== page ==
This text was written by Rob Snyder, former co-founder of HourWork and current founder and CEO of Reframe, a provider of tactical training and fractional executives for early-stage B2B startups.
A friend recently got here to me for go-to-market (GTM) advice. His company just raised their Seed round. On the time, that they had about $200K ARR, very comfortable customers, and a differentiated product.
Their goal is to succeed in $1M+ ARR in the subsequent twelve months. In the event that they can achieve this, they’ll be more likely to either raise their Series A or get to profitability and proceed to scale the business. If not… things get scary.
Their “beachhead” customers were ex-consultants and ex-MBAs who were managing teams in large organizations.
Their challenge? The founders believed they needed to work out find out how to expand beyond this beachhead. They were anxious their ideal customer profile (ICP) was too narrow, because there are only a couple of thousand individuals who meet their beachhead criteria. They imagined saturating this market and revenue growth halting.
So what did they do?
They stopped specializing in GTM for his or her beachhead customers to check a bunch of various ICPs.
They fell into what I call the optionality trap: Trying to unravel to multiple customer types ensures you fail for all of them. Founders attempt to “preserve optionality” and sell to multiple different kinds of shoppers. They wind up selling to no person.
The Optionality Trap
You don’t need a bunch of various kinds of shoppers or a bunch of various GTM motions to get from Seed to Series A.
You would like repeatability. Which suggests find out how to generate sales conversations, convert those sales conversations, and generate comfortable customers by following a normal playbook.
When your GTM is repeatable, you’ll be able to generally predict what buyers are going to do and say next. You’re less often surprised in sales conversations, and you’ll be able to start handing off sales to dedicated sellers who may be nearly—or more—successful than the founders at closing deals
Repeatability is the muse for scale, because when your sales process is more science than magic, you’ll be able to generally start hiring more people and predict where your revenue numbers are going to go. But when your sales process is magic and each deal feels different, it’s nearly inconceivable to “scale.” It’s hard to rent a bunch of magicians, and even harder to show scientists into magicians.
That’s the issue with attempting to serve multiple ICPs with multiple sales approaches. Every deal feels different because every deal different. It’s nearly inconceivable to work out find out how to get any—or all—of your ICPs and sales motions repeatable. GTM stays magic.
Which means as a substitute of diversification, you would like into very specific customer types and high-conviction GTM motions. This results in predictable, repeatable GTM. Plus, you usually retain the to expand to other customer segments, product lines, or GTM motions when you’ve made one repeatable and successful.
Now, back to my friend. When he understood the , he realized that as a substitute of ignoring his “beachhead” ICP, he needed to double down on his ICP. He focused on ways to generate more meetings, drive more referrals, and improve conversion rates inside this beachhead customer segment.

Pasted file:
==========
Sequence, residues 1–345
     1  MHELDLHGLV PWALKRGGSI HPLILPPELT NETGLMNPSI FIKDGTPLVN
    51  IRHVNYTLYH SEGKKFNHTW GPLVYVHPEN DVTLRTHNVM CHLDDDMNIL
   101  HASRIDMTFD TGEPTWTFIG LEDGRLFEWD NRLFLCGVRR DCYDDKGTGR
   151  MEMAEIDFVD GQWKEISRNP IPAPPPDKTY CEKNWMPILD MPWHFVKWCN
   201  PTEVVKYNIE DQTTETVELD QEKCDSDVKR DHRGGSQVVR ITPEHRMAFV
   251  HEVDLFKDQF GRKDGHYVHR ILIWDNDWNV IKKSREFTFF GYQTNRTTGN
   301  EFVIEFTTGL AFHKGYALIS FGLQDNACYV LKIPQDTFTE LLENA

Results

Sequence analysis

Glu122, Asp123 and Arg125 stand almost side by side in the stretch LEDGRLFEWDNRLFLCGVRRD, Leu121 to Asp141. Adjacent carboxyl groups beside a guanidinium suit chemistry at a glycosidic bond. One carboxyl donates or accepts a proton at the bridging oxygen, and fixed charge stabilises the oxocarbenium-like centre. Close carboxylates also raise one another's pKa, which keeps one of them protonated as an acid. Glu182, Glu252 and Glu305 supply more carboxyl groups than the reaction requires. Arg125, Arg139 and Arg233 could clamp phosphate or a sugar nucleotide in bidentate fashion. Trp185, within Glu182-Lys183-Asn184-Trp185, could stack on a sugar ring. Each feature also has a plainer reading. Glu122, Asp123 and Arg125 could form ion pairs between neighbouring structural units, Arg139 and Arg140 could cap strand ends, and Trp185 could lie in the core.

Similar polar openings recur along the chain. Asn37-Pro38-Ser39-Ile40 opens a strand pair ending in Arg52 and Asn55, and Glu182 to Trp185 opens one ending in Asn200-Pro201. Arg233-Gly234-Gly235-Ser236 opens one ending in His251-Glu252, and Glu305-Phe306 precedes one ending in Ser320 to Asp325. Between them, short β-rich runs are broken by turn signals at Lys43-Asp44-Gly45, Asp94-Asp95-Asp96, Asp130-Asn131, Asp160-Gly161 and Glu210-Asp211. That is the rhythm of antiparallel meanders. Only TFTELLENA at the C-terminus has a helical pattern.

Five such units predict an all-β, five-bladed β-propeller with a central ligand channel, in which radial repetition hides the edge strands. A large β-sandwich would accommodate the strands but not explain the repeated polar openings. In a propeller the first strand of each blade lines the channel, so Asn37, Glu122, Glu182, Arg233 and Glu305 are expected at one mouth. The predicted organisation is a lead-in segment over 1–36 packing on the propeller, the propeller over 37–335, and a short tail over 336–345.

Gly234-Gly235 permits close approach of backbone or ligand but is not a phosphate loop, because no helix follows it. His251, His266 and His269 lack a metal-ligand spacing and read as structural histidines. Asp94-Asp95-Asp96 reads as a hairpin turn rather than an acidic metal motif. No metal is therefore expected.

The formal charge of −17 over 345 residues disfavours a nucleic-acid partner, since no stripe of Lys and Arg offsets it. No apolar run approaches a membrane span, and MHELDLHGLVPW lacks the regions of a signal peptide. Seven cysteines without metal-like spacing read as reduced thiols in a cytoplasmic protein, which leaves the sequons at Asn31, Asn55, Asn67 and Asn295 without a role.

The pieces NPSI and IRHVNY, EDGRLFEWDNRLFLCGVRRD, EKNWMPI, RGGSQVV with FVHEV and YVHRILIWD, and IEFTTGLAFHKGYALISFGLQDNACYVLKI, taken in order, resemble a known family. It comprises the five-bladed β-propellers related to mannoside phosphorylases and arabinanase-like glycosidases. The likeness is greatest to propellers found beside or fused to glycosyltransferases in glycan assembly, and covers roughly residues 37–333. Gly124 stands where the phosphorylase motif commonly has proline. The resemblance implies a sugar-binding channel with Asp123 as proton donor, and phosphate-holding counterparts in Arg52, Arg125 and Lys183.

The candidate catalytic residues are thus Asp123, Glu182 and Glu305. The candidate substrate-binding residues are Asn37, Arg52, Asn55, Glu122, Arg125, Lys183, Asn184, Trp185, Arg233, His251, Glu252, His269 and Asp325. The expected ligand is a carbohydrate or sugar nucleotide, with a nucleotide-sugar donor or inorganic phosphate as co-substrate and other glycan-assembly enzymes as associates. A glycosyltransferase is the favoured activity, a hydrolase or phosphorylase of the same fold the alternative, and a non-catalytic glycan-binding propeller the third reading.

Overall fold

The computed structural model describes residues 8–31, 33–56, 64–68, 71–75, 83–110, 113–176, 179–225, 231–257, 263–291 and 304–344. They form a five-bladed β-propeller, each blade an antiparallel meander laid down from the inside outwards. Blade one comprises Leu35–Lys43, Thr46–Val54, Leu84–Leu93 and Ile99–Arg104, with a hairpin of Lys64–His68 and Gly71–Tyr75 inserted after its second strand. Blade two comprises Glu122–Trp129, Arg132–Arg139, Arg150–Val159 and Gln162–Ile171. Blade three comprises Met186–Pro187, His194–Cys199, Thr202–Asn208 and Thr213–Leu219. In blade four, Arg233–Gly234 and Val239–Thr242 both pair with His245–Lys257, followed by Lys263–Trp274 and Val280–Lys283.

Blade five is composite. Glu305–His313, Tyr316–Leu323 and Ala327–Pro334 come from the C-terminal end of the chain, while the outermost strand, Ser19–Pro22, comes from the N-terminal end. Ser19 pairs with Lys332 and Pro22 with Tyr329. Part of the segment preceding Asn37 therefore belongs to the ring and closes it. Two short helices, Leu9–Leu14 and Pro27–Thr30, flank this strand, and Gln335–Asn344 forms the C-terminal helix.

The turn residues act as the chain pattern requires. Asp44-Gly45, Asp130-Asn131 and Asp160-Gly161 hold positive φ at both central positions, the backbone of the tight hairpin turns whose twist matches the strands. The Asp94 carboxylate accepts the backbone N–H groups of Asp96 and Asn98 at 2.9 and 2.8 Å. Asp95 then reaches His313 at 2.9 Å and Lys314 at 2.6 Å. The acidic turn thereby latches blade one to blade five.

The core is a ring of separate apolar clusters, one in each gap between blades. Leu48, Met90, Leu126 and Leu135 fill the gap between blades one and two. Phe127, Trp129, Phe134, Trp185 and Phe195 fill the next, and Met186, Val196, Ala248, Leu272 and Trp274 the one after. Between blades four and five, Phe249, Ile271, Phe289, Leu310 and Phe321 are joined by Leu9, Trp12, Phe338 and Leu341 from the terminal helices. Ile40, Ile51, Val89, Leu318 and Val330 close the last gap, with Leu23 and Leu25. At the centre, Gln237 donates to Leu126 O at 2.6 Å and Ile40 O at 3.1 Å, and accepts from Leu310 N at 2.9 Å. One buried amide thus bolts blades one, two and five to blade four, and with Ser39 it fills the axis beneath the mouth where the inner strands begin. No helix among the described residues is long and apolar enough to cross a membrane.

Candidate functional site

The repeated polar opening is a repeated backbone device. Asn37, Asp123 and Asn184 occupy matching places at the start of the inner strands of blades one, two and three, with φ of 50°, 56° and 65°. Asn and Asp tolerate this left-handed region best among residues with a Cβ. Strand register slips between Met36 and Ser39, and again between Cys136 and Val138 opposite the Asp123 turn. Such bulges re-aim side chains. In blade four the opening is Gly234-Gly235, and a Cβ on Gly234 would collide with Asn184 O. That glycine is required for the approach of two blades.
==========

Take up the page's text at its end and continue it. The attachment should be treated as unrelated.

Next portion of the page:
Now, his sales cycles are quick. He speaks this customer’s language. They’re so comfortable, they refer their friends. He’s now in a position to hire a sales team since the sales process is easy, predictable, and even fun.
He’s also realizing that his beachhead is organically expanding as his initial ICP refers him to customers of various profiles. In time, as he hires salespeople to administer sales to his beachhead, he may begin to explore a more deliberate ICP expansion. Or he may create a separate GTM approach targeted to a latest ICP that he has more data points behind from organic referrals.
So what? Lean into *who* and *what* works.
Once you’ve raised a Seed round, you almost certainly have a wide range of customers. Some are decently comfortable, others are grumbling. A couple of are your “Hell Yes” customers, who bought quickly, are extremely comfortable, and have even referred others.
My suggestion: Lean into your Hell Yes customers. Determine why they are saying “Hell Yes,” and do the whole lot in your power to seek out others who’re similar to them.
I call this, “Leaning into who works.”
When who works, you then need to lean into what works.
Your product probably does a wide range of awesome things. And your Hell Yes customer picked out a subset of those things and them.
Ask yourself, “What did this Hell Yes customer It’s rarely what you thought you were selling.
It helps to review recorded sales and customer success calls to work out what your Hell Yes customer was trying to perform. It’s value talking to them as well. I attempt to create a mental documentary film of what was happening of their world up until the moment they selected to work with me.
Once you understand who loves you, and what they really bought, you’ll be able to design your sales outreach to seek out nearly equivalent customers and sell what they need to buy.
This makes selling repeatable and fewer magical. You cope with fewer variables and might make high-conviction bets. Plus, if you lean into who and what work, your product roadmap gets straightforward. You field fewer feature requests and support tickets out of left field. And your path to Series A and beyond gets much, much clearer.
Worksheet: Simplifying Repeatability
This worksheet helps founders design around who and what work. Try filling this out in only 10 minutes—2.5 minutes per query. The primary time you do that, you’ll probably be fallacious—and you’ll be able to only learn the way you’re fallacious by selling.